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Tue, May 30, 2023 | 13:37
Singapore punk band Iman's League returns to Korea for 6th time
Nuriman (Iman) Bin Mohd Nor is finally returning to Korea with his band, Singaporean melodic punk trio Iman's League, after more than two years away due to the pandemic. “This year will be our sixth time touring in Korea,” he told The Korea Times.
[Korea Times Archive] Remembering World Cup 2002
The 2002 World Cup hosted in Japan and Korea marked a major turning point in how the world saw Korea. The country placed fourth overall, and fanatical supporters filled the stadiums for every game, and when the stadiums filled up, they filled the streets.
[Temple Adventures] Mysterious legends surround Gwanchok Temple's 'Future Buddha' statue
You might not know the name of the statue. And you might not know the name of the temple where the statue is housed. In fact, you might not even know the city or the province where you might find this historic national treasure. However, once your eyes meet the “Stone Standing Maitreya Bodhisattva of Gwanchoksa Temple” you can't help but feel its peaceful paradoxical peculiar...
Korea's struggle with institutionalized mental healthcare
Solidarity Against Disability Discrimination (SADD) resumed demonstrations aboard Seoul subways on Nov. 7 during the rush hour commute. The protests followed a brief suspension during the national mourning period for Itaewon disaster victims. Despite criticism for heightening the risk of safety accidents and overcrowding, the activists see no other option to make their voices...
From party house to tea party: JustBe Temple offers new paths to Zen Buddhism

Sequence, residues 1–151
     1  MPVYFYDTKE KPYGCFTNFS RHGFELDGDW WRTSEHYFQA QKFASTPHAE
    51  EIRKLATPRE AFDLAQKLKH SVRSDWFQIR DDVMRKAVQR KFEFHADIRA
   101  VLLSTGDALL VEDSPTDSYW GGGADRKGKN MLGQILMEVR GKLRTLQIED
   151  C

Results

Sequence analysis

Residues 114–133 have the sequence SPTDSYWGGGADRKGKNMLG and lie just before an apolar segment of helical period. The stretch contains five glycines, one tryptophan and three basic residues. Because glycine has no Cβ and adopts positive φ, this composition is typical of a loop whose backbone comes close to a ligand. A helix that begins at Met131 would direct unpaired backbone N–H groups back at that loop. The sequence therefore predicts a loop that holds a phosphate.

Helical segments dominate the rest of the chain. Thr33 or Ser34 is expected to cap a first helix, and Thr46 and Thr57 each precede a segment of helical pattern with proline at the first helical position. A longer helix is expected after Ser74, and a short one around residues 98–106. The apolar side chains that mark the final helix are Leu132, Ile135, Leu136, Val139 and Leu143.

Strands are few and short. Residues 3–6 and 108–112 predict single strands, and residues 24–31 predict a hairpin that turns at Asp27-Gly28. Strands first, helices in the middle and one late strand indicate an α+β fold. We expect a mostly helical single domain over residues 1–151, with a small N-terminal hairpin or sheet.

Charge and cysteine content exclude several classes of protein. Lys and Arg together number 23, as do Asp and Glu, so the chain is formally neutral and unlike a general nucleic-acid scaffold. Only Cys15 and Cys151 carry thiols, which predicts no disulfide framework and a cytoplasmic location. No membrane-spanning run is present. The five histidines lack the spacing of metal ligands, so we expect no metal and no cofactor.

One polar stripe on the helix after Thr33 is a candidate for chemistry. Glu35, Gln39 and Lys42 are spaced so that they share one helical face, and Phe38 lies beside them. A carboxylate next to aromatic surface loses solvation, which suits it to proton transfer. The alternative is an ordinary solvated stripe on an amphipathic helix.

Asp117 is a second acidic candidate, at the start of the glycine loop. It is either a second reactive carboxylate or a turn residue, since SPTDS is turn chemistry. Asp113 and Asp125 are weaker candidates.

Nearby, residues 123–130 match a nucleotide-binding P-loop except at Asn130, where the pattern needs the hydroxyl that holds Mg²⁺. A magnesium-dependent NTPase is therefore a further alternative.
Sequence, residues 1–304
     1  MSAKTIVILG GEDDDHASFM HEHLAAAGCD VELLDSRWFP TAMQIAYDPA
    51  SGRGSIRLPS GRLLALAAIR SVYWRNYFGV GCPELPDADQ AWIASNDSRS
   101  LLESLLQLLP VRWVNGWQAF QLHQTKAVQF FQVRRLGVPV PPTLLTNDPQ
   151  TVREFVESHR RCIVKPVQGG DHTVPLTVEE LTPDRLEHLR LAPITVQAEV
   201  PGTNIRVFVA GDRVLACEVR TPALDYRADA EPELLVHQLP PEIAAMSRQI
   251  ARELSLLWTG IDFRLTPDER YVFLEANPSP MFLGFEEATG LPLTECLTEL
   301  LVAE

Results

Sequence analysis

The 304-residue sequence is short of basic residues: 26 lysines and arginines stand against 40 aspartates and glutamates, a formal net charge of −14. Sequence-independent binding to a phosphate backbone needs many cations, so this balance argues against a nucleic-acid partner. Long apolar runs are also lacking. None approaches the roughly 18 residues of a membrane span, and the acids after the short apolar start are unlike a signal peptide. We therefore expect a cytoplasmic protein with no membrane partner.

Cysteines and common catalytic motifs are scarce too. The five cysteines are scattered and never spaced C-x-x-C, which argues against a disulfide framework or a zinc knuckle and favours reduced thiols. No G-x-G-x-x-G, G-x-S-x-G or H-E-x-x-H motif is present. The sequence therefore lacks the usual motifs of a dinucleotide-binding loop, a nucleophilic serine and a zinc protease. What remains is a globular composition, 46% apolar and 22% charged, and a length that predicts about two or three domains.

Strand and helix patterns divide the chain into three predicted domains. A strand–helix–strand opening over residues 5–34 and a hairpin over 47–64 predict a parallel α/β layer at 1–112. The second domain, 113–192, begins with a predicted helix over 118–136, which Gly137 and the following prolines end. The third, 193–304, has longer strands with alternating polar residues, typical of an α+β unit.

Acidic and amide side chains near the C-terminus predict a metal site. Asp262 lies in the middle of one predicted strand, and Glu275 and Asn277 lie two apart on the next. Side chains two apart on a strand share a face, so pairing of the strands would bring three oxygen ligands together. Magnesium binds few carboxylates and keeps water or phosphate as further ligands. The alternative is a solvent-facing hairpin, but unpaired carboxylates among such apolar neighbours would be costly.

Bop Yo Sunim, a Zen Buddhist nun from Japan, was only planning to stay overnight at JustBe Temple ― a newly opened guesthouse and meditation center not far from Hongik University. “I just came for one day,” she told The Korea Times, pouring hot water into a small pot of black pearl tea.
Variety show offers comedy, music, magic to help overcome tragedy in Itaewon
Many cultural events in Seoul were canceled following the tragedy in Itaewon on Oct. 29, as a sign of respect for those lost and to give the populace time to mourn. However, cultural events can also have the capacity to heal and one event, titled “11.18 for 10.29,” is intended to do just that.
Ahead of Seoul show, Niia gets personal about her music
On the intersection between jazz, classical music and R&B sits American singer-songwriter Niia. Ahead of a mini-tour of Asia, which sees her playing dates in Korea and Japan, Niia talked to The Korea Times about her journey so far and what fans can expect from her live shows.
Survivors, witnesses face challenges returning to work
Returning to work has been an unwanted challenge for those coping with the trauma of the Itaewon tragedy. Heavy workloads, unsustainably long hours and short annual vacation leave are major drawbacks of many jobs in Korea, as is the almost non-existent paid sick leave. For those with longstanding medical conditions and mental health issues, the limited sick leave presents a h...
Foreign residents struggle to cope after Itaewon tragedy
The Itaewon tragedy left 156 people dead, an infamous figure now commonly known across Korea with countrywide vigils being held for all to pay their respects. The forgotten figure belongs to those presently dealing with psychological trauma.
Shamanic sites at Korea's rooster-dragon mountain
In the middle of May, amid glorious Korean spring weather, I led a nice group of people on a tour of a dozen shamanic shrines in the foothills of Gyeryongsan National Park, one of Korea's most sacred areas.
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